Who do you think will make it through to the runoff election in the race for Denver Mayor?
That’s the hot question right now in Colorado politics, for a couple of reasons:
For one thing, the Denver Mayor’s office is only open (without an incumbent seeking re-election) about once a decade; the ultimate winner of this race will likely be calling the shots in Denver for the next eight years — and perhaps even 12 years, should they seek a third term.
The second reason that this race is such a hot topic is that nobody really knows anything. The limited polling that has been available in this race is virtually worthless because none of the candidates boast much in the way of name recognition. The ridiculous number of candidates also makes it hard to discern useful information from candidate forums or other similar events; at most events, you’ve got at least a dozen candidates all talking about the same basic issues (homelessness, crime, and affordability), which makes it difficult to remember the policy nuances of the candidates.
And, finally, this is the first time that Denver has run a municipal election with a public financing system in place. It’s difficult to compare this race with past battles for Denver Mayor because this one is just so different.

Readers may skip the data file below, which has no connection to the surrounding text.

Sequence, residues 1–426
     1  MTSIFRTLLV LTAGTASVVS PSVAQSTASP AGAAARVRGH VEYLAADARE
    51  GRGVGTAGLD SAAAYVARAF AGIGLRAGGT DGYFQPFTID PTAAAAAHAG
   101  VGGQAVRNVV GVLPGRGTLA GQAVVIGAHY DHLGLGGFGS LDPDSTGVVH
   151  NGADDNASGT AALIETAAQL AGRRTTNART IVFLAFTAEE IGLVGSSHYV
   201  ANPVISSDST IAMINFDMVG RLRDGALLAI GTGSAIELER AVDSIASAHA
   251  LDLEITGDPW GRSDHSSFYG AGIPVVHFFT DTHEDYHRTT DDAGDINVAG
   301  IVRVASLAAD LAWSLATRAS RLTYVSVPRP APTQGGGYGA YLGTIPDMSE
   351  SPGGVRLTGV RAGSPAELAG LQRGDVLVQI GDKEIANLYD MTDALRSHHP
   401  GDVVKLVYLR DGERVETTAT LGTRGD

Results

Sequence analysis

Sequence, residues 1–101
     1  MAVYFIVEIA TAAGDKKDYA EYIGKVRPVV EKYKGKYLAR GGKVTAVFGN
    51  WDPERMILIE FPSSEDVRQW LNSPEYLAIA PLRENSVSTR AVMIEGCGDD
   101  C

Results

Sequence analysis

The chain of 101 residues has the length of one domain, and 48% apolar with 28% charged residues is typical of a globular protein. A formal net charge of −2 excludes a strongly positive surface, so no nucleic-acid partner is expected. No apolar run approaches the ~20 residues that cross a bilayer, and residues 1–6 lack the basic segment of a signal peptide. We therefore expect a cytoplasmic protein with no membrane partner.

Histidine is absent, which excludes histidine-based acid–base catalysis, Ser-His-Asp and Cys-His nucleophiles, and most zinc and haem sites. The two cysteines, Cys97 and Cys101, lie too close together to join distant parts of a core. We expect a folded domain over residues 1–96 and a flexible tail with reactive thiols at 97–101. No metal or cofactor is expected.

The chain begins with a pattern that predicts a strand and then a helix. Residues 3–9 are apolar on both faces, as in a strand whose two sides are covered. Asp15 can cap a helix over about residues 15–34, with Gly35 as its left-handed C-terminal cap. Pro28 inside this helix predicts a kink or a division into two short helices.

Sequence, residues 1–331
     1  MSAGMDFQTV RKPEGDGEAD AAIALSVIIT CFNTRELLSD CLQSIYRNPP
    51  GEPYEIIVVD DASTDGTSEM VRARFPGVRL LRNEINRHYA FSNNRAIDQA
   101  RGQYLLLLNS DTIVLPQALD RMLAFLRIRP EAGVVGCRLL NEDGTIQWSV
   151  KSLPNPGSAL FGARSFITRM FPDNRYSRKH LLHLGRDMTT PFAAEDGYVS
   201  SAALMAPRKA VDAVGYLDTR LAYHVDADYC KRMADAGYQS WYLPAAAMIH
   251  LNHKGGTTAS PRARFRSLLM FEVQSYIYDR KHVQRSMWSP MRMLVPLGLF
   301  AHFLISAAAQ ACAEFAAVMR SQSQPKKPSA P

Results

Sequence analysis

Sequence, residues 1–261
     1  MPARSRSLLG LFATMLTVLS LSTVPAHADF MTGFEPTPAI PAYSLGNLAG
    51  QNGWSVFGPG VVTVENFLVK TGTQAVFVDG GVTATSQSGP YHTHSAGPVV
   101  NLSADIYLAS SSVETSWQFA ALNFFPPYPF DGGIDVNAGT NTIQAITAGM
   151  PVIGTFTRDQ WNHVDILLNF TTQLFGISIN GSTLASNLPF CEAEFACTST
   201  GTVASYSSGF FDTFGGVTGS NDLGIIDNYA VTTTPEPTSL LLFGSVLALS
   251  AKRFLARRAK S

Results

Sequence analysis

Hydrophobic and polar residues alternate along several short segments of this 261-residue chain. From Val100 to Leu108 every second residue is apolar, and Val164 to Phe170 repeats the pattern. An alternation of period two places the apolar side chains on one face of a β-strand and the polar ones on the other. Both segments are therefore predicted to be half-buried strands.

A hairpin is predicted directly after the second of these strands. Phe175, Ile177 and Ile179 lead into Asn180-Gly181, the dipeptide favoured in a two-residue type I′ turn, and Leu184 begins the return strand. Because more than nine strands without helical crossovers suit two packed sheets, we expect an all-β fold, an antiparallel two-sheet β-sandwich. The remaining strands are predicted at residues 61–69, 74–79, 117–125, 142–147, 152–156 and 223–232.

Nevertheless, we’re going to do our best to help you make sense of this bloated field of candidates. To do that, we looked into the future to see just what in the hell happened on April 4 (ballots were mailed out to Denver voters this week, but Election Day isn’t until April 4).
These two questions will be heavily-discussed in early April as two candidates prepare for the June 6 runoff election:
To make this easier to digest, we’re also going to break it into tiers. There are 17 candidates — and another 5 “write-in” hopefuls — running for the first open Mayoral seat in Denver since 2011. While there are certainly more questions than answers at this point, some candidates face longer odds than others because of experience, name ID, fundraising, etc. We’re not going to analyze every candidate, because there’s no sensible way to predict what might happen with the bottom half of this field; if Renate A. Behrens gets into the runoff, for example, then things really went off the rails.
♦ Mike Johnston
♦ Kelly Brough
♦ Leslie Herod
♦ Debbie Ortega
♦ Chris Hansen
These are the candidates who possess similar advantages over the rest of the field: They have more experience in the public eye and an easier road to raising their name ID; prominent endorsements; strong fundraising; and a more robust and strategic paid advertising plan than the other hopefuls. These candidates also have relatively-mainstream policy ideas that would be more attractive to a broader group of voters.
Let’s go through our two-part exercise with each candidate: